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NanoSTARS imaging for STEM cell therapy for arthritic joints

Periodic Reporting for period 1 - STARSTEM (NanoSTARS imaging for STEM cell therapy for arthritic joints)

Reporting period: 2018-01-01 to 2019-06-30

STARSTEM is developing a nanotechnology-enhanced optoacoustic imaging (OAI) approach, using a novel nanostar contrast medium, which will deliver unprecedented imaging depths and levels of sensitivity in identifying and tracking mesenchymal stem cells (MSCs) and extracellular vesicles (EVs) and their healing function in osteoarthritis (OA) after administration into an affected joint.
Regenerative medicine, particularly stem cell therapy, has shown great potential in the treatment of a wide range of illnesses, from arthritis to diabetes, cancer to transplant rejection. However, it is not yet clear how stem cells actually work inside the body. One of the major hurdles in stem cell mediated-therapy is the inability to sensitively monitor successful engraftment or activity of transplanted stem cells in real time and over extended periods. There is limited knowledge about their distribution in the body over time, engraftment, and mechanism of action.
Our nanotechnology-enabled imaging approach will help overcome these barriers to clinical translation, with a focus on OA. Arthritis is one of the most prevalent diseases worldwide, with OA affecting around 10% of the global population and around 70 million patients in Europe. There is no effective cure for OA at present and the majority of the treatments are symptomatic rather than restorative. Stem cell therapy provides a unique opportunity to help restore healthy function and in STARSTEM we use MSCs and EVs. MSCs are a type of cell which can be isolated from the mix of cells which comprise the bone marrow. EVs are tiny sub-cellular fragments of the MSCs and have been implicated in slowing OA development and treatment of the disease. MSCs and EVs are thought to help trigger healing and support tissue repair in the body. We label MSCs and EVs with star-shaped nanoparticles, nanostars, that produce a contrast signal and will help enable us to track their movement and monitor their healing function with OAI and MRI imaging modalities.
As such, STARSTEM will, for the first time, enable objective measurement of functional markers of healing, including vascularisation, oxygen saturation, and inflammation, over time and at significant depth. Understanding the hallmarks of the healing process will ultimately help patients to benefit from new cell therapies.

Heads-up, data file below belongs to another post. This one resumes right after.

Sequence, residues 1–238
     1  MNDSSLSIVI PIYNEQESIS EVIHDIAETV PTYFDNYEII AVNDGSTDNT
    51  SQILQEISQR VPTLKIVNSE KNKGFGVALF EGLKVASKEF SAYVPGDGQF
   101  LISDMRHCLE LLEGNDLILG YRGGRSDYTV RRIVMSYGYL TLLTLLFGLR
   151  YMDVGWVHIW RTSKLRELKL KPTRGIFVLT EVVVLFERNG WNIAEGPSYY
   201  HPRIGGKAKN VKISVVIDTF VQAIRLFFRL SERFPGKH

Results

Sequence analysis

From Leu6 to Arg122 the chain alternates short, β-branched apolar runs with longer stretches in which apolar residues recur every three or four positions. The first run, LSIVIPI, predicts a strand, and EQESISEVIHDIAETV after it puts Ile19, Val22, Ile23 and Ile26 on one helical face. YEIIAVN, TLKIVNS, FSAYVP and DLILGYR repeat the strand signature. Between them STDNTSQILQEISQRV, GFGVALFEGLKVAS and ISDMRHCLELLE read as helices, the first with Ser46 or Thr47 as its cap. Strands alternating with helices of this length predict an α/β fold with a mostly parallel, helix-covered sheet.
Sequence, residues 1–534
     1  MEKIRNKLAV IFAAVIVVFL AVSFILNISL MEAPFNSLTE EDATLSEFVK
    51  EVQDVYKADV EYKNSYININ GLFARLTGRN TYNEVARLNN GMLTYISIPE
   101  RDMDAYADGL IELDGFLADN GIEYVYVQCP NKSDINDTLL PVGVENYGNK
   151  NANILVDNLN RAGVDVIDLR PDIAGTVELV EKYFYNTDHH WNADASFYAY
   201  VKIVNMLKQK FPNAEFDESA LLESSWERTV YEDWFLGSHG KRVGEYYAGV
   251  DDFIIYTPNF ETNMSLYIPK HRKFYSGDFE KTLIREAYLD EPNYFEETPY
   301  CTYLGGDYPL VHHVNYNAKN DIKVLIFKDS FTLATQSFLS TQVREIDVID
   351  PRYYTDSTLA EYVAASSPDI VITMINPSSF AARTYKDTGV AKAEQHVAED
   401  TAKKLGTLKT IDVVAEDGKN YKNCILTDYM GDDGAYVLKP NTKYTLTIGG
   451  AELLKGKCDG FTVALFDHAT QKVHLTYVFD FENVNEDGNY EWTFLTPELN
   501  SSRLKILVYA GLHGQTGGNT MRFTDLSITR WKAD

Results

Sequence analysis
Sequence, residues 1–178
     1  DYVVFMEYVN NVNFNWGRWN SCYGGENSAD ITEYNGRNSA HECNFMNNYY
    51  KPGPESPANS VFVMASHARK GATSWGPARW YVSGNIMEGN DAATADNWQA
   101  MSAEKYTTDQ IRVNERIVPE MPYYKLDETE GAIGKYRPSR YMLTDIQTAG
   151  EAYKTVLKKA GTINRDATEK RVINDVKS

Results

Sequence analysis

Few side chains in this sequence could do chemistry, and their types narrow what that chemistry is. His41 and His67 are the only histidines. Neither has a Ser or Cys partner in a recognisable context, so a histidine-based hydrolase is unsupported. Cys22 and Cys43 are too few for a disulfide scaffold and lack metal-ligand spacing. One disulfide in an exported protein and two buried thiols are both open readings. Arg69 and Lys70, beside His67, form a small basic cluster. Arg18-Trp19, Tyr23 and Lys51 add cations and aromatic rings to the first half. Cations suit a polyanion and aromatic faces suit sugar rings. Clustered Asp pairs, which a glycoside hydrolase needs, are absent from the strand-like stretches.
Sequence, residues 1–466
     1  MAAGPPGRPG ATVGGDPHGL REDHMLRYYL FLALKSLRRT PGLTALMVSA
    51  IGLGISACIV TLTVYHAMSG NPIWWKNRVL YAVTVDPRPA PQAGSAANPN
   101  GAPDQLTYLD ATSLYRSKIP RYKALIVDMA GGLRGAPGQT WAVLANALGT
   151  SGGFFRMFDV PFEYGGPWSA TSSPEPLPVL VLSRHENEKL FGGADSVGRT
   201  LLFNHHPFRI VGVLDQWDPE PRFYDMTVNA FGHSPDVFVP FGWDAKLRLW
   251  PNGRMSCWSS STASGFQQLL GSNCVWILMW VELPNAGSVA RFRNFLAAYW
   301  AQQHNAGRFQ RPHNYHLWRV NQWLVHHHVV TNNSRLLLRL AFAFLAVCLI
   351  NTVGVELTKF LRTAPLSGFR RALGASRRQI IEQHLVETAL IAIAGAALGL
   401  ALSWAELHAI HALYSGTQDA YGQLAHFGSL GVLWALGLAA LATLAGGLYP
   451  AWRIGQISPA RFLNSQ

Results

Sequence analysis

STARSTEM will address major technology gaps to enable imaging of stem cells at clinically relevant depths. Our nanostar-enhanced multi-modal imaging approach will enable us to detect stem cell engraftment and tissue repair, and thus their activity and efficacy as a therapy. During the first 18 months of the project, STARSTEM has made significant progress on cell production; nanostar design and production; labelling of cell products; and image technology development. We have also been pro-actively communicating and disseminating our project and research outputs. During this period, we have established our project website ( and social media accounts (STARSTEM H2020 on Twitter, Facebook, and LinkedIn). We issued press releases, promotional materials, and presented STARSTEM at numerous conferences and events.
During this project period, we have optimised the design of our nanostar, ensuring that this contrast medium will absorb light at ideal wavelengths for OAI. This will ensure that we attain images at unprecedented depth, with excellent sensitivity, and can identify and track our targets. We have also scaled-up the production process in order to deliver sufficient product for pre-clinical research. Production of our MSCs and MSC-derived EVs has also been established. Through optimisation of a novel medium supplement, we have improved proliferation rates when culturing human MSCs. Labelling of our cell products with nanostars also began. We have successfully labelled MSCs with nanostars and have assessed the effects of this labelling process on the functional properties of the cells. This is a key enabler for our pre-clinical in vivo research.